AHSW's Director, Trustees, and Members reflect on various aspects of arts, health and wellbeing.

Beauty, excellence and quality in arts and health

Alex Coulter, Thursday, 6 November 2014

My starting point for these musings is Professor Semir Zeki’s research into perceptions of beauty and the effect it has on our brain and feelings of wellbeing. We heard Professor Zeki speak about his work at our 2012 Arts & Health South West Awards event. Sara Houston’s research into Beauty in Dance for Parkinson’s with the English National Ballet2 and Lynn Froggett’s work on Aesthetics and health: why quality matters were both presented at the Culture, Health and Wellbeing international conference 2013. Grayson Perry talked about beauty in relation to contemporary art in this year’s Reith Lectures. Lastly, François Matarasso recently wrote about quality in participatory arts.

I wondered whether I could use these references to make some sense of the experience of beauty, excellence and quality in relation to arts and health. I venture into this territory with some caution. The backdrop to any discussion of beauty is a vast literature in philosophy and aesthetics from Plato on. I won’t attempt to summarise that history and you, the reader, will bring to bear any knowledge you already have. This is an attempt to bring some of the perennial questions into present day focus for our mutual benefit.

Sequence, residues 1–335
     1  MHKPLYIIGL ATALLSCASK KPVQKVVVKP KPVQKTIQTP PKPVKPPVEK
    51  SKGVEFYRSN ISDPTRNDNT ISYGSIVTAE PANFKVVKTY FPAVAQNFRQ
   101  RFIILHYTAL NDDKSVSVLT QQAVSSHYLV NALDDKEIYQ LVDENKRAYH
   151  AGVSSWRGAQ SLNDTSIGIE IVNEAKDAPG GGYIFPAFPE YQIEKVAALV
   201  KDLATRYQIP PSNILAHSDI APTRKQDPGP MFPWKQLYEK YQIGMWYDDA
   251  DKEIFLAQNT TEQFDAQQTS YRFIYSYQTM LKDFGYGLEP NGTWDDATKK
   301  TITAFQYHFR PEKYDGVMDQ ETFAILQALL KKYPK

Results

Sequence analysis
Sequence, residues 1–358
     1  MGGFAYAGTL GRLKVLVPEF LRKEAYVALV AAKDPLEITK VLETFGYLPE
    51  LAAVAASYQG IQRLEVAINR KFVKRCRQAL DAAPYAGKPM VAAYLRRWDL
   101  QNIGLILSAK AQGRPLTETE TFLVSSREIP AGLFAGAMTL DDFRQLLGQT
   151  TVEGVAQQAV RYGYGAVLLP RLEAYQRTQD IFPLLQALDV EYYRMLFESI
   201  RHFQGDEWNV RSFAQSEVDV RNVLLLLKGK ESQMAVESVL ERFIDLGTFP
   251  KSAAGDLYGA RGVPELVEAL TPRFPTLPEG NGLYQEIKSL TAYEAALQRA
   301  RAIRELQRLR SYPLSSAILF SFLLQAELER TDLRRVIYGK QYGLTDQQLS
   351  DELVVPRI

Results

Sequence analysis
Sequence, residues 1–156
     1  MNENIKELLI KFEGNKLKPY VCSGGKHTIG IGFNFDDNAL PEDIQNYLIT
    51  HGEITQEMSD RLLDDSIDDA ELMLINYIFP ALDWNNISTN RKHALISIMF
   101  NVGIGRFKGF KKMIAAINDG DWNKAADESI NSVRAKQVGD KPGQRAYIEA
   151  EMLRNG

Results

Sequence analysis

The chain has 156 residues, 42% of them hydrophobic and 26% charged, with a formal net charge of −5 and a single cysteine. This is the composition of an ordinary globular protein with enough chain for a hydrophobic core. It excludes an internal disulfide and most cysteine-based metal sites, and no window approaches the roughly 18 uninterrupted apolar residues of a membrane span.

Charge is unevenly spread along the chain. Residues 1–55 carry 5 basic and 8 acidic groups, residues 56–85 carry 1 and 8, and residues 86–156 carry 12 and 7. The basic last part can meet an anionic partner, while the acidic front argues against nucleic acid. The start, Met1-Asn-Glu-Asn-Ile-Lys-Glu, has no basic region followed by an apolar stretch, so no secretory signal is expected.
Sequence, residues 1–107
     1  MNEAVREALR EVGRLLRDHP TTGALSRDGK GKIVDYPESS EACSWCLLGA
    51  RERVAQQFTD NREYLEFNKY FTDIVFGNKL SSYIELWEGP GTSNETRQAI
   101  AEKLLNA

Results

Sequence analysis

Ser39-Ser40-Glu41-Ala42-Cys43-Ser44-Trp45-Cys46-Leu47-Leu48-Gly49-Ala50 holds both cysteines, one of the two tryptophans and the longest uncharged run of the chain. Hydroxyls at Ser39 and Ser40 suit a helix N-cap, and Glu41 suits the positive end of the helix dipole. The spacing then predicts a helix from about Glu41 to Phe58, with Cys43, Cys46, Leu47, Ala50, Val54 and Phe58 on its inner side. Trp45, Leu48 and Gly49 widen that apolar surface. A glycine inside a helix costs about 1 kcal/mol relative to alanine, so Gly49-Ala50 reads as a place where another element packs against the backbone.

Matarasso highlights some muddled thinking about the word quality, which is an objective term frequently used instead of the subjective term ‘good’. He says: ‘In philosophy..quality is a characteristic of things: it does not determine their value’ and quotes the literary critic John Carey: ‘Value not intrinsic in objects, but attributed to them by whoever is doing the valuing’. He articulates the political dimension to this debate: ‘The use of phrases such as ‘high quality art’ is dangerous because it makes it harder to discuss and determine the value of arts practice, while also tending to exclude those who believe themselves less able than professionals to recognize quality in art.’ The Arts Council uses the word ‘excellent’. We are about to embark on our next funding application to Arts Council England, as are many others, and we all have to contribute to ensuring ‘excellent art happens’. What is excellent art and how do we measure it?

In the dictionary ‘beautiful’ is equated with ‘excellent’. This may be semantics but if I were to say something is ‘excellent’ it would signify a level of detachment from the source of the experience, a detachment into analytical judgement. Whereas to describe something as ‘beautiful’ implicates me emotionally in the experience, I feel more vulnerable for having exposed my feelings – it seems less of an objective assessment. Surely good art should affect us emotionally as well as stimulate us intellectually? I am therefore focusing on the word ‘beautiful’ in this discussion rather than ‘excellent’ as it feels more authentic.